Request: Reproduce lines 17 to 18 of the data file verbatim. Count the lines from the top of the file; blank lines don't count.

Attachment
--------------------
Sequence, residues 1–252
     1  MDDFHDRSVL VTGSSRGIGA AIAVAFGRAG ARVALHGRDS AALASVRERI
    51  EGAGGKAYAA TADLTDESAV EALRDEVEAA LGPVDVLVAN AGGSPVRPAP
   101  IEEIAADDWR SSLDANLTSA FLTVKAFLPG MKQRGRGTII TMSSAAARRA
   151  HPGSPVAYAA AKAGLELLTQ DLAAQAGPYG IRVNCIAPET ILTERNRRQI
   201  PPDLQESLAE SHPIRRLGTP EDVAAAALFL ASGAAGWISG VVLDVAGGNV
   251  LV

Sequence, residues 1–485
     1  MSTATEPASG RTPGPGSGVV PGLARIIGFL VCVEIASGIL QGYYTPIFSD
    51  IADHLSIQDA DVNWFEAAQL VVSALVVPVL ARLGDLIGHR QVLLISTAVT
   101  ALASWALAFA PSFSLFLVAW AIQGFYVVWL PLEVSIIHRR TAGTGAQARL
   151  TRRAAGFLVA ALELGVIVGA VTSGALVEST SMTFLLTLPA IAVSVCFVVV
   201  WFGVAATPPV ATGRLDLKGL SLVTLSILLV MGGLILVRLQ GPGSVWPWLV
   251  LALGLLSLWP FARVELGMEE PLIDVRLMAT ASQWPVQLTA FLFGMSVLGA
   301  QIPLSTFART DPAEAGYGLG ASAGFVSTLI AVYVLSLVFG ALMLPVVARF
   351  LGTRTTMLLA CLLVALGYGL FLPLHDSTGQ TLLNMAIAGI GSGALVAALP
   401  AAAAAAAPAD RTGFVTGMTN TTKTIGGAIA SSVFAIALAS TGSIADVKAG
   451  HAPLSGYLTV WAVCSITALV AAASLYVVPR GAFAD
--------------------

   401  AAAAAAAPAD RTGFVTGMTN TTKTIGGAIA SSVFAIALAS TGSIADVKAG
   451  HAPLSGYLTV WAVCSITALV AAASLYVVPR GAFAD